Repeated exposure to violent content can reinforce the message that violence is an acceptable means of conflict resolution. Repeated exposure also increases the risks that children will become desensitised to the use of violence in real life or develop an exaggerated view about the prevalence and likelihood of violence in their own world.

There is some violence in this movie including:

  • The owner of the condemned buildings confronts Lucas and Olivia (his girlfriend) and yells at them to keep off his property. They were there feeding the cats.
  • This man also confronts Terri and tells her not to ‘go to war with him’ over the demolition of the buildings.
  • Terri grabs Chuck by the arm and tells him in strong words that he must allow Lucas to take Bella to the car.
  • A cougar is shot dead by hunters.
  • Wolves surround Bella and go to attack her but ‘big kitten’ scares them away.
  • Bella enters a supermarket because she smells a cooked chicken. An employee chases her away but Bella knocks over several people and shelves in the mayhem.
  • Wolves again chase Bella and this time attack her. There are four of them and it seems as if Bella won’t survive but ‘big kitten’, who is by now a fully-grown cougar, arrives in time and frightens the wolves away. This is quite an intense scene.
  • Bella tries to cross a busy highway and is hit by a car.

Material that may scare or disturb children

Under fiveinfo

Children under five are most likely to be frightened by scary visual images, such as monsters, physical transformations.

In addition to the above-mentioned violent scenes, there are some scenes in this movie that could scare or disturb children under the age of five, including the following:

  • The dogcatchers look quite frightening, searching under the building with torches.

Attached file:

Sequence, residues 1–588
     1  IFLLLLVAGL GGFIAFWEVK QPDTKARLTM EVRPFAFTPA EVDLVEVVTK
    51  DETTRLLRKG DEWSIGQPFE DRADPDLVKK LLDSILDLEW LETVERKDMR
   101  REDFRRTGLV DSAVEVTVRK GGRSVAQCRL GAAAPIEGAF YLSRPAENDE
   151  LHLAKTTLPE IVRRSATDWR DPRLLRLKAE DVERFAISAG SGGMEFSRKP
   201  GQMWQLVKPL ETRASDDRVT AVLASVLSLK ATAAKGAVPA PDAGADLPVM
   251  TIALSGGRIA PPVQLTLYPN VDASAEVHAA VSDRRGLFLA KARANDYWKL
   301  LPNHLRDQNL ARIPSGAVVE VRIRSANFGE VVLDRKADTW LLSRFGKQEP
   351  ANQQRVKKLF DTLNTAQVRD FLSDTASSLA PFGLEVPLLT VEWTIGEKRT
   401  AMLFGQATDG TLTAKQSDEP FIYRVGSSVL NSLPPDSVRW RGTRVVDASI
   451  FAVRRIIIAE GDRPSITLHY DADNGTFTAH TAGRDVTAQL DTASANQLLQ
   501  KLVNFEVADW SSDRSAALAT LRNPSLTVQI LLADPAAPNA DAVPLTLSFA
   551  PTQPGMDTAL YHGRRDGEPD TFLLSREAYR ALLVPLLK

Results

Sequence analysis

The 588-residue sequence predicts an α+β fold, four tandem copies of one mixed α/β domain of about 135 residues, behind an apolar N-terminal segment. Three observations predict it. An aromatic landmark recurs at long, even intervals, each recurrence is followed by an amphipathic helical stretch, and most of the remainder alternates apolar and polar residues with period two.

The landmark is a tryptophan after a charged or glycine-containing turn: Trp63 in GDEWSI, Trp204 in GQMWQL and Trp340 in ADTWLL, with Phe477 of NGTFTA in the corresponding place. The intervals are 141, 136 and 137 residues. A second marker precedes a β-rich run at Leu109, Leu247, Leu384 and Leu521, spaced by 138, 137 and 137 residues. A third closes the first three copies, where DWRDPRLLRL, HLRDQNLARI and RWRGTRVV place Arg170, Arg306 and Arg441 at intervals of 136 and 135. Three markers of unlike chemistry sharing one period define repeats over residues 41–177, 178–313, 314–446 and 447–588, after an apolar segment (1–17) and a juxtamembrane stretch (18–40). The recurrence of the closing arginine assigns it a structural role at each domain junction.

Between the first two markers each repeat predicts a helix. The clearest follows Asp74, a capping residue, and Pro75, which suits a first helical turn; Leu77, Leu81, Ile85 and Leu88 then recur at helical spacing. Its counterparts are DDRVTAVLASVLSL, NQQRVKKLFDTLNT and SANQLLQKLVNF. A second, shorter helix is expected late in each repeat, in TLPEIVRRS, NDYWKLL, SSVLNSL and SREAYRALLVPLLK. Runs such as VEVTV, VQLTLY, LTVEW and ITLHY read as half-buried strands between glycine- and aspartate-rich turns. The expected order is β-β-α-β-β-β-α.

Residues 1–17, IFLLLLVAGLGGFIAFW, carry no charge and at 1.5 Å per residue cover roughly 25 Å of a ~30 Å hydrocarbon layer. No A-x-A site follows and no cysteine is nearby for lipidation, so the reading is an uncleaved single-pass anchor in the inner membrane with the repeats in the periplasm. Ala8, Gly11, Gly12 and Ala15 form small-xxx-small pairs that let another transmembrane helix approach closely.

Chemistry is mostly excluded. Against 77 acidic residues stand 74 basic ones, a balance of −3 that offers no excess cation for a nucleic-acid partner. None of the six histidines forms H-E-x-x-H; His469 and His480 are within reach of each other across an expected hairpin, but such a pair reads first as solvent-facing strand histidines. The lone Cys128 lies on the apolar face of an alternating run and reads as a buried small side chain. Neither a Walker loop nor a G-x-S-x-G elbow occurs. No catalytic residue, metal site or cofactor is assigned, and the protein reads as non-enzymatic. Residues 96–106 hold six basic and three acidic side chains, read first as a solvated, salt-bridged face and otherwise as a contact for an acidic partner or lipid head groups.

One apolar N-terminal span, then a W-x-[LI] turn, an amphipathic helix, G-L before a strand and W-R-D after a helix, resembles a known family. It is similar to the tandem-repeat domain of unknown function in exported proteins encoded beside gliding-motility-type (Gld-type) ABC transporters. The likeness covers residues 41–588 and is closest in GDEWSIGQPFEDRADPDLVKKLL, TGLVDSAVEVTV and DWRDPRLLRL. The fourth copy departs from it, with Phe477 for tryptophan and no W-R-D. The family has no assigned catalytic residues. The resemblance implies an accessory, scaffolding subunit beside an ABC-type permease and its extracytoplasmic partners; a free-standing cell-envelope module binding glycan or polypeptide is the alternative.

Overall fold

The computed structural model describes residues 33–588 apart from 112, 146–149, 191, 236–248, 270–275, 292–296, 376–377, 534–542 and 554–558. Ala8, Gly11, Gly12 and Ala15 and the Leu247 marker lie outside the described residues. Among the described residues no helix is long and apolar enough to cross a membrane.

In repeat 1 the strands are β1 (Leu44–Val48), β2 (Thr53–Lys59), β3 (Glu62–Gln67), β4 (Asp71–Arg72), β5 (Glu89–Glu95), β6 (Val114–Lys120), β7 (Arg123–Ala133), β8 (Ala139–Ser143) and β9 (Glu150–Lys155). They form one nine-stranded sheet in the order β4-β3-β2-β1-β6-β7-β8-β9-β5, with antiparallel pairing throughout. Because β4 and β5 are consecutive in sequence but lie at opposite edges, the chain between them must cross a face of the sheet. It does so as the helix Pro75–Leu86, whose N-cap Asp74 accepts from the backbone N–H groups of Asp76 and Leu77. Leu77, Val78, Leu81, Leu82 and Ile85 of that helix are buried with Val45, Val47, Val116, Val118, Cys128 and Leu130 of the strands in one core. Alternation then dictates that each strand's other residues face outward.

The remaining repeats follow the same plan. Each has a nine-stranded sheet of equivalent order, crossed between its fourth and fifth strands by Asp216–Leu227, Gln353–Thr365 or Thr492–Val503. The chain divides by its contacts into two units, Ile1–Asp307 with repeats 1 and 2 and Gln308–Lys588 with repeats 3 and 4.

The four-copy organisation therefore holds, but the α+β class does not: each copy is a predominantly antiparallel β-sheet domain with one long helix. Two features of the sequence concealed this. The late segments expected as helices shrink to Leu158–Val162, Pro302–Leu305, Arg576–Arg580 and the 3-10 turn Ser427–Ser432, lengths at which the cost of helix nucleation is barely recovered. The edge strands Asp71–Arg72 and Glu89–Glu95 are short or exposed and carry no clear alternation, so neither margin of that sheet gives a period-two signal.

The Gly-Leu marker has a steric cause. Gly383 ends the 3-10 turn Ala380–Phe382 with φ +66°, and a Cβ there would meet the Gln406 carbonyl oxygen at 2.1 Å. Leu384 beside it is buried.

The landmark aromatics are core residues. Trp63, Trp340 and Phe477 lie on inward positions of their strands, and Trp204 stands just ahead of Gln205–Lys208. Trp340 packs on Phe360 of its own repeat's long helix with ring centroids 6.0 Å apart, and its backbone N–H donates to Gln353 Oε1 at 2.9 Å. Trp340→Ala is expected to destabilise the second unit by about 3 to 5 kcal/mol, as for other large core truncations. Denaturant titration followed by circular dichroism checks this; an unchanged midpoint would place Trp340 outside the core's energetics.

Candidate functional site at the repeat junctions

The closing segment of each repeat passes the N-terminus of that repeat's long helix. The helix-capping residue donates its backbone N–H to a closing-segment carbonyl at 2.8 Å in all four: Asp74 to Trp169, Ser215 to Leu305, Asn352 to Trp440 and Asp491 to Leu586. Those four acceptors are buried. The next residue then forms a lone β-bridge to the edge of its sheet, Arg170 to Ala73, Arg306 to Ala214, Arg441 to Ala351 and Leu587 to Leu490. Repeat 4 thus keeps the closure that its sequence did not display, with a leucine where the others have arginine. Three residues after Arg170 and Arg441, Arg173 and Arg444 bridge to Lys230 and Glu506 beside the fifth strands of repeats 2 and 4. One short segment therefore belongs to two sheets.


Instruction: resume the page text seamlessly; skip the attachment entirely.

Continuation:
• Bella is very distressed when they take her mother away and cries, as does her mother.
  • Some wolves appear and chase Bella – they look mean and frightening.
  • The cougar is quite frightening when she growls fiercely at the wolves.
  • When the car hits Bella, she gets up and limps away on 3 legs. She has blood on her coat.

Aged five to eightinfo

Children aged five to eight will also be frightened by scary visual images and will also be disturbed by depictions of the death of a parent, a child abandoned or separated from parents, children or animals being hurt or threatened and / or natural disasters.

In addition to the above-mentioned violent scenes and scary visual images, there are some scenes in this movie that could scare or disturb children aged five to eight, including the following:

  • Terri attends a therapy group with several other vets who are seen with various injuries and some in wheelchairs. Bella is allowed to visit these people and provides great comfort to them.
  • Chuck captures Bella with a restraint and takes her away in a caged van. She’s locked in a kennel, by herself, with lots of other dogs in the building, who all bark and are obviously distressed. Bella tries her best to be a ‘good dog’ so they will let her out.
  • Bella is heartbroken when she’s taken from Lucas and put in a cage to be driven to New Mexico.
  • On her journey home, Bella hears a gunshot, which startles her. On investigation, she finds a dead cougar. She runs away when the hunters arrive with their rifles and they stop to take selfies of themselves with the dead cougar.